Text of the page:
Practice in Excellence
I have long been fascinated by people who have regular practices. As a magician, Larry spends a lot of time on practicing. He runs through basic sleights, vocal exercises, and script rehearsal on a regular basis. My work doesn’t require that kind of basic skill review, so I am always a little bit in awe of his dedication and willingness to plan time every day for a return to “beginner mind.”
But in the past year, I have come to have a practice of my own. Although I have taken yoga classes for many years, by committing to a daily yoga routine (in my case inspired by the Ashtanga yoga tradition), yoga has evolved from something that I happen to do into a genuine practice.
For me with my yoga, and for Larry with his skill drills, something more emerges in a practice than simply improvement or meeting a challenge. A practice requires that we make it a habit and approach it in a regimented and scheduled way—we have to practice regularly, in other words. But it also requires that we bring a certain kind of devotional attention to our actions, a focus on the process as well as the result. We bring our full selves to the work and stop seeing it as something that only our hands or our bodies do. We return from these sessions not only more limber or controlled but also spiritually and emotionally refreshed. Habit, attention, process, challenge—these are the cornerstones of having a practice.
The patient attention to the process of learning is an old virtue—and some might say it is an old-fashioned one. Technology has speeded our access to information; can’t it speed up our access to knowledge and perhaps even to wisdom? Well, as we know at Austin College, some things can’t be rushed. Critical thought sometimes requires soaking in a vat of ideas. Good solutions arrive on their own timeline and after relentless digging into the problem.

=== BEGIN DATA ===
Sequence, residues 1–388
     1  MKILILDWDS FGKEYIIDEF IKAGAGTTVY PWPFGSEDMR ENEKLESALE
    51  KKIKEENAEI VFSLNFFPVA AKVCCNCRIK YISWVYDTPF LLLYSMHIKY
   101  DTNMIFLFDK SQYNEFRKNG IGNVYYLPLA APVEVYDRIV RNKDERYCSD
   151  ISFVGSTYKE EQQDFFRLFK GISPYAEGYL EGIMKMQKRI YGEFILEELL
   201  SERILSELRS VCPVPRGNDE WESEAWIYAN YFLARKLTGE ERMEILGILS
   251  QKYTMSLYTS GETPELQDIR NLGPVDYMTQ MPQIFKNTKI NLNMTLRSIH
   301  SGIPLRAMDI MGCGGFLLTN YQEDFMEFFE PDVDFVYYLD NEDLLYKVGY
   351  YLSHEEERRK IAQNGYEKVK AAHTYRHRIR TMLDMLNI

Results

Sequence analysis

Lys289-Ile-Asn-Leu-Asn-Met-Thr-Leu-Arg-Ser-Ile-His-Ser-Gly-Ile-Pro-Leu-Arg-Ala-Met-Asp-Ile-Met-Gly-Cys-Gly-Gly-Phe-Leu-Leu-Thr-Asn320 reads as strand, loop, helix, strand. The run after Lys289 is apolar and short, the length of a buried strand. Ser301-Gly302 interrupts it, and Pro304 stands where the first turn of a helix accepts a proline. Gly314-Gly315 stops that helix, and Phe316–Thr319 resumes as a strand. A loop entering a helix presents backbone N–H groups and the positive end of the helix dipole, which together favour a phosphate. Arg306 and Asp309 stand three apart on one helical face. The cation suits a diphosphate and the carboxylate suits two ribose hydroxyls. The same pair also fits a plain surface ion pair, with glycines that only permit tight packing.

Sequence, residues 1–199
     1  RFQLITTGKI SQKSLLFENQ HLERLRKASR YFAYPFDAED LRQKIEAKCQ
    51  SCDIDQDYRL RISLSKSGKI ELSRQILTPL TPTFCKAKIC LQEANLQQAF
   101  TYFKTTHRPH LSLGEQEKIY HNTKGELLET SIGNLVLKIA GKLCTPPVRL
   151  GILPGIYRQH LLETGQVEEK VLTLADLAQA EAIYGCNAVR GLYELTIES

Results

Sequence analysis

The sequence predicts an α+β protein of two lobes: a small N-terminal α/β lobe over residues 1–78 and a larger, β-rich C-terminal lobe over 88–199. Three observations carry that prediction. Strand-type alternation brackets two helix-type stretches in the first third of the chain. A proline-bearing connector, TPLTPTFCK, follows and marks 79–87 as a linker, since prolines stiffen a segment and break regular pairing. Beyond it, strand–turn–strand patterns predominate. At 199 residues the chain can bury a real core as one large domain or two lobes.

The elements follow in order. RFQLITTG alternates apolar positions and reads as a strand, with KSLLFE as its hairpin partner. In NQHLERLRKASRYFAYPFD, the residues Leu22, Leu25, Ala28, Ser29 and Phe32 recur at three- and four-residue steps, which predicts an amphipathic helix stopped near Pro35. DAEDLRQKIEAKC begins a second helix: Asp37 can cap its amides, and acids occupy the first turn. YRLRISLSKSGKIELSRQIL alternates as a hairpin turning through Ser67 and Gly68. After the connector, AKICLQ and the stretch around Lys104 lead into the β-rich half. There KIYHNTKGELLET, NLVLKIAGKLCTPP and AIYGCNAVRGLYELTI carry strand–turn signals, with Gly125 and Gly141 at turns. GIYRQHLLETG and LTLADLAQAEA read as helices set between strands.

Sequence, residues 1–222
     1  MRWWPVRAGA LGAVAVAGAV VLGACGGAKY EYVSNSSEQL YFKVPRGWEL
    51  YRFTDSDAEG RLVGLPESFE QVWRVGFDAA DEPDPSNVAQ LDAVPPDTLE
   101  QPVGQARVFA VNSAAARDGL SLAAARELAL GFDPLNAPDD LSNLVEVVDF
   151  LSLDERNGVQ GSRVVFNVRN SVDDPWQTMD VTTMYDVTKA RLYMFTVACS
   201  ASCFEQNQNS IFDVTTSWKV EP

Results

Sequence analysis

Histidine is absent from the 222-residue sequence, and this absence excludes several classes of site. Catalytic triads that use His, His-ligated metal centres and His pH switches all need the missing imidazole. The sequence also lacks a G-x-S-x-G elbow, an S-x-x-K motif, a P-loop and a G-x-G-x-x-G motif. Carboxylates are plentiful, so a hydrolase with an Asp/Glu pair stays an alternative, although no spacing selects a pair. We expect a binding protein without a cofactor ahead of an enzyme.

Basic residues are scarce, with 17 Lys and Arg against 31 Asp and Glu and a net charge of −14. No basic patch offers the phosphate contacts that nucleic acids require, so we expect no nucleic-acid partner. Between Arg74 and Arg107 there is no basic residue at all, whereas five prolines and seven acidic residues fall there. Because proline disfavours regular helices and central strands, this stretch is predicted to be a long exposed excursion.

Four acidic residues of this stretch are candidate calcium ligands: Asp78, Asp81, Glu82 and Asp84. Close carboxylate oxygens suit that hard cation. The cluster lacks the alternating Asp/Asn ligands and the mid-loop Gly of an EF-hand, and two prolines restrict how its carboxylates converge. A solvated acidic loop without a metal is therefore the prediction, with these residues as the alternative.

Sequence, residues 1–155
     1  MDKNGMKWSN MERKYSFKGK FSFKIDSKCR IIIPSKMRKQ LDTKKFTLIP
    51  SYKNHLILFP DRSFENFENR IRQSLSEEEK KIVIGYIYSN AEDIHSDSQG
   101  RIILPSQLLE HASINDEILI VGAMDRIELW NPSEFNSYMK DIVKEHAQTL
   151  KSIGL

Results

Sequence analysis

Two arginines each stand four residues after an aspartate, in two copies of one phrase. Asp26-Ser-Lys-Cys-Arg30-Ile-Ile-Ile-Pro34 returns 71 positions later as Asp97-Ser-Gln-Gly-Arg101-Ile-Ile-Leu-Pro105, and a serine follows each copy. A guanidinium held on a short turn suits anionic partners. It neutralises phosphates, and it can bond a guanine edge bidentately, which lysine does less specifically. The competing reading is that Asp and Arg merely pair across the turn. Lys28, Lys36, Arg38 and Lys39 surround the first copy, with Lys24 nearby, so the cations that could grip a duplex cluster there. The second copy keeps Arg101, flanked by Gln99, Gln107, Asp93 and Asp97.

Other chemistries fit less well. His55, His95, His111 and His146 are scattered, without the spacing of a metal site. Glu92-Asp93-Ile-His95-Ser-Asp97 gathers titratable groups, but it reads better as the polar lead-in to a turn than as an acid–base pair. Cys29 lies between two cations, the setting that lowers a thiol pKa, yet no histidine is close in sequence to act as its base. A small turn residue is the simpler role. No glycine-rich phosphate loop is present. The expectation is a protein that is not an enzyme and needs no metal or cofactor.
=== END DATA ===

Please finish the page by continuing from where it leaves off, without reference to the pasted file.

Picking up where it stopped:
That is why we look forward to adopting and adapting new technologies into the Austin College experience. We are excited to bring Sal Kahn, founder of the Kahn Academy, to campus (see page 7) to hear how he created unprecedented access to basic skills by providing free online teaching materials to tutors, teachers, and students. And it is why members of our Humanities faculty have recently begun a digital initiative exploring ways that digital archives and communication media can enhance learning in languages, literature, and other fields.
But our passion for the deep work of learning is also why technology only can enhance—and not replace—our face-to-face, high-touch, hands-on methods of teaching and learning.
On campus we continue the practice of bringing out the best in our students. You can read in this magazine about experiences of students in international study and service. Students in multiple disciplines are involved in research and a record number of our students are presenting work at professional conferences this year. Even now, students are thinking about January Term adventures awaiting them—adventures that may include the sorts of life-changing perspectives that many of you have shared with me.
Thank you for the investment you make in our students. Austin College could not continue without the love and support of our alumni and friends. Reaching out to give a hand up to a Kangaroo, confident that the chain of support will be passed on to the next generation—that is our way. Our challenges are many, and the struggle to preserve both academic excellence and access for students of modest means continues. But we are facing these questions head on and in a spirit of commitment to our core values.
May you continue this holiday season with peace and joy in your heart.
Marjorie Hass, President